23 Dec 2016  •  Dental Health  •  4min read By  • Sarah Coulson

How to look after your teeth during the Christmas period

Even the most dedicated gym bunnies tend to overindulge at Christmas time, and why not? A day or two of overindulgence during the festive season won’t do us much damage in the long-term, in fact, it can help us to maintain a healthy relationship with food! Media reports suggest that we can eat a staggering 6000 calories on Christmas day! That’s three times the recommended daily intake of 2000 calories per day for women and over double the recommended 2500 calories for men.

But, how can this overindulgence impact upon our oral health? Nutritionist Sarah Coulson explains how the foods and drinks we consume at Christmas time can affect our teeth and shares her advice on what to do to look after your pearly whites.

Time for a drink?!

In terms of our oral health, what we need to be very aware of at Christmas time is the amount of sugary sweets and drinks that we are consuming. It’s easy to overindulge especially when our drinks are packed with sugar, with some containing as much as 13 teaspoons of sugar in a standard 330ml can (Extra Fiery Ginger Beer).

Consuming diet versions of your favourite drinks, or no sugar ‘zero’ alternatives is an easy tip for keeping your sugar intake down. Also, despite the spirit of the season, it’s recommended that you keep your alcohol consumption to a safe level, as excess can have a negative effect on your oral health, so try sticking to the Government recommendation of 14 units per week.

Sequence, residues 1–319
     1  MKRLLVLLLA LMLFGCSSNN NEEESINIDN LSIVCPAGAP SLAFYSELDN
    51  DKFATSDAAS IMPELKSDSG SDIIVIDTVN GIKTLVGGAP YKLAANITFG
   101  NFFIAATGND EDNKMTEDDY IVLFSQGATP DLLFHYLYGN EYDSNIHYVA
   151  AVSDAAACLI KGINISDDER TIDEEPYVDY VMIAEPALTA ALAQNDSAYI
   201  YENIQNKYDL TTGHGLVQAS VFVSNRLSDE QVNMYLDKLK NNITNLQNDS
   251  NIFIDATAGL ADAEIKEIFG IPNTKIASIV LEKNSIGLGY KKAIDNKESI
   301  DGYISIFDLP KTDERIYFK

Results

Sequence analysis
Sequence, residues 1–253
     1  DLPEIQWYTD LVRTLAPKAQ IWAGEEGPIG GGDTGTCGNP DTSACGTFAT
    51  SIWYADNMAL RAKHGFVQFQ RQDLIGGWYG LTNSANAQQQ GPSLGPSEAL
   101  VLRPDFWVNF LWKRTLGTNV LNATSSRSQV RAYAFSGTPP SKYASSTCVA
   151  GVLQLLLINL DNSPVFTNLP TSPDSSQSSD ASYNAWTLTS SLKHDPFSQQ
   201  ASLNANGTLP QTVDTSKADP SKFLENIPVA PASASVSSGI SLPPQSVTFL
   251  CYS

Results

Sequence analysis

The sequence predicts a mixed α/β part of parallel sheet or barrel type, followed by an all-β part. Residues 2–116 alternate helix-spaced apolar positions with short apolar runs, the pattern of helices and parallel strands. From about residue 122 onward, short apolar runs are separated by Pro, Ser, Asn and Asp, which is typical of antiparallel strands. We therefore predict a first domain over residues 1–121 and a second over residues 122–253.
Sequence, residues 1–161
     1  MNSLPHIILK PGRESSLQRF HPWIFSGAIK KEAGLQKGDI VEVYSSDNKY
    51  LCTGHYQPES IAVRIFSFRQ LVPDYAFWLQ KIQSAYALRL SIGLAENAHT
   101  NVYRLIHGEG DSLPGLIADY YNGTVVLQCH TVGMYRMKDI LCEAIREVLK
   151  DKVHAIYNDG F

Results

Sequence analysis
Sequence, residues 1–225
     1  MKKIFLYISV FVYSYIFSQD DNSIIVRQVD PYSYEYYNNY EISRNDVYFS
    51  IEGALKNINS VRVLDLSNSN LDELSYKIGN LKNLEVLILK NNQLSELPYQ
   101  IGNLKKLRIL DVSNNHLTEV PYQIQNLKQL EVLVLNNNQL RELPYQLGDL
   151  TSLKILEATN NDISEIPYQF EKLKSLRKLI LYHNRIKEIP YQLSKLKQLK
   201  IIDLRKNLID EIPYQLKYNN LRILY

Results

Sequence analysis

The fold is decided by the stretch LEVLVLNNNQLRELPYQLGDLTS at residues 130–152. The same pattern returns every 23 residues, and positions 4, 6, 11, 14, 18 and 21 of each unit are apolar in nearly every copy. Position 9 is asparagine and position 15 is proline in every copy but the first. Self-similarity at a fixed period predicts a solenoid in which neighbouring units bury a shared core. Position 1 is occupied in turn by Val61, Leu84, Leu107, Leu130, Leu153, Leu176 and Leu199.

When you do treat yourself to a full sugar version of your favorite drink, drink it with a straw as this will restrict the access of the free sugars to the surface of your teeth. For reference, the recommended maximum daily sugar intake for someone over the age of 11 is 30g a day, which is equivalent to 7.5 teaspoons.

And, don’t forget that these sugary drinks and alcohol are contributing ‘empty’ calories to your diet that is calories that contain no nutrients, they simply supply energy from fat or sugar.

Keep an eye on the sugar contained within your drinks

The table below lists some fizzy drinks that contain a large amount of sugar:

Amount of sugar in fizzy drinks  Grams of sugar per 100ml
Old Jamaica Ginger Beer Extra Fiery 15.7
Rockstar Punched Guava 15.6
Old Jamaica Ginger Beer 15.2
Mountain Dew 13
Coke Cherry 11.2
Pepsi Cola 11
Red Bull 11
Monster Origin Energy Drink 11
7 Up 11
Coca Cola 10.6
Fentiman’s Cherrytree Cola 10.5
Irn Bru 10.3
Cherry 7-Up 10
San Pellegrino lemon 8.9
Vimto Regular 9.1
Lucozade Energy Original 8.7

Source : http://www.bbc.co.uk/news/magazine-35831125

Dinner time…

Of course over Christmas, we’re all guilty of eating a little extra: one more mince pie; a little more custard; just one more chocolate! However, all of these lovely carbohydrate-based meals and snacks pose a real threat to your oral health, especially sticky puddings and sweets.  Any exposure of your teeth to simple sugars will increase your risk of dental caries, so limit sweets and puddings (including sugary drinks) to meal times and brush your teeth at least twice per day and after consuming a sticky sugary food or drink.

By keeping following these simple tips, not only can you enjoy the festive season but you can also ensure that you’re looking after your oral health!



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